Systems of chemical reactions figure prominently in models throughout the natural sciences. Biology in particular gives rise to hugely complicated reaction networks which, somehow, perform intricate and delicate functions. How do we make sense of these complex networks, and try to understand the relationships between their structure and function?

One approach is to look for “motifs” – smaller subnetworks appearing in the large networks, which are easier to study and understand. We may get to these simpler networks by ignoring some species or reactions; or by collapsing chains of reactions into a single reaction, for example. But this leads to the question: can we be sure that the larger network will necessarily inherit interesting behaviours of the smaller network we derived from it? The answers are not obvious: there are interesting examples which show that some very natural enlargements of a reaction network can actually destroy nontrivial behaviours in the smaller network.

One strand of my recent work has focussed on making this question precise and finding some answers. With various collaborators I have now proved a large number of results, using the machinery of perturbation theory, which tell us which network enlargements preserve interesting behaviours in reaction networks, including multistationarity, oscillation, and bifurcations. Some simple examples of such enlargements are in Figure 1. The results are constructive: they also tell us roughly for which parameter values we should expect these behaviours in the larger network. They have been used to predict the occurrence of behaviours in large reaction networks without recourse to simulation.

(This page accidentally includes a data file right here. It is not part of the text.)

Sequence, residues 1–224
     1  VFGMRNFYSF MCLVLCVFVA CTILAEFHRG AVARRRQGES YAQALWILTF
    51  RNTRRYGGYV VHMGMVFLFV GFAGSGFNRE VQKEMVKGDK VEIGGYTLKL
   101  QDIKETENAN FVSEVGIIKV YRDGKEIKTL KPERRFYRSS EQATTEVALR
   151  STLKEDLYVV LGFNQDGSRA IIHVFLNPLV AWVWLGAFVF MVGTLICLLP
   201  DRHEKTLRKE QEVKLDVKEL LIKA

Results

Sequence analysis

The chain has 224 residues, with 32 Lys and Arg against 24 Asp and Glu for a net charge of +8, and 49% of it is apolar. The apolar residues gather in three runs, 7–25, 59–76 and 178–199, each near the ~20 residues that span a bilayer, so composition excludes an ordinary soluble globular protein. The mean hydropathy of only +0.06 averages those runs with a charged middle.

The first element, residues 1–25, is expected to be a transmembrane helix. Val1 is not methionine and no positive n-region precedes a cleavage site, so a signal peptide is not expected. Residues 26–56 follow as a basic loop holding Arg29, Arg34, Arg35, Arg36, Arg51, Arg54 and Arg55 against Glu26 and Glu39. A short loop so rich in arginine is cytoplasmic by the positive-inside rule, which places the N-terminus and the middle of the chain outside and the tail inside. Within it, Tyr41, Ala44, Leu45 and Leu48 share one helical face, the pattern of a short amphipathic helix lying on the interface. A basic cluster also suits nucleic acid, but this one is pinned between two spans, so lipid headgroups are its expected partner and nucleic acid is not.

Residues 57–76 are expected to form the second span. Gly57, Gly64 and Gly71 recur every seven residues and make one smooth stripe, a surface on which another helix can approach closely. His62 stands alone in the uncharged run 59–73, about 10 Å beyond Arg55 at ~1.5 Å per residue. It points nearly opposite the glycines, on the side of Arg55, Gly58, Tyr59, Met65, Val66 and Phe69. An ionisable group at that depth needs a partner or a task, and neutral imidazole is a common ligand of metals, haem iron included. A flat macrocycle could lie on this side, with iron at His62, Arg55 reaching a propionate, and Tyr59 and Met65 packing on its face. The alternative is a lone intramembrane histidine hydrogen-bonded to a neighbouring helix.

Figure 1: Some simple examples of enlargements which have been proven to preserve nondegenerate dynamical behaviours in reaction networks. The small network in the centre is easily shown to admit nondegenerate multistationarity; surrounding it are six enlargements of this network, created by splitting reactions of the central network, or adding to it new reactions and species. In each case, general theorems tell us that the enlarged network must admit nondegenerate multistationarity. Similar claims can be made about other behaviours such as oscillation and, indeed, bifurcations, in enlarged networks.

Murad Banaji is Departmental Lecturer in Applied Mathematics in Oxford

Some of his papers on these themes include:

[BBH23] M. Banaji, B. Boros and J. Hofbauer, The inheritance of local bifurcations in mass action networks, arXiv preprint.

[BB23] M. Banaji and B. Boros, The smallest bimolecular mass action reaction networks admitting Andronov-Hopf bifurcation, Nonlinearity 36(2) (2023) 13981433.

[Ban23] M. Banaji, Splitting reactions preserves nondegenerate behaviours in chemical reaction networks (2023), SIAM J Appl Math 83(2) (2023).

[BBH22] M. Banaji, B. Boros and J. Hofbauer, Adding species to chemical reaction networks: preserving rank preserves nondegenerate behaviours, Applied Math Comput 426 (2022) p127109.

[Ban20] M. Banaji, Building Oscillatory Chemical Reaction Networks by Adding Reversible Reactions, SIAM J Appl Math 80(4) (2020) 17511777.

[BP18] M. Banaji and C. Pantea, The inheritance of nondegenerate multistationarity in chemical reaction networks, SIAM J Appl Math 78(2) (2018) 11051130.

[Ban18] M. Banaji, Inheritance of oscillation in chemical reaction networks, Applied Math Comput 325 (2018) 191209.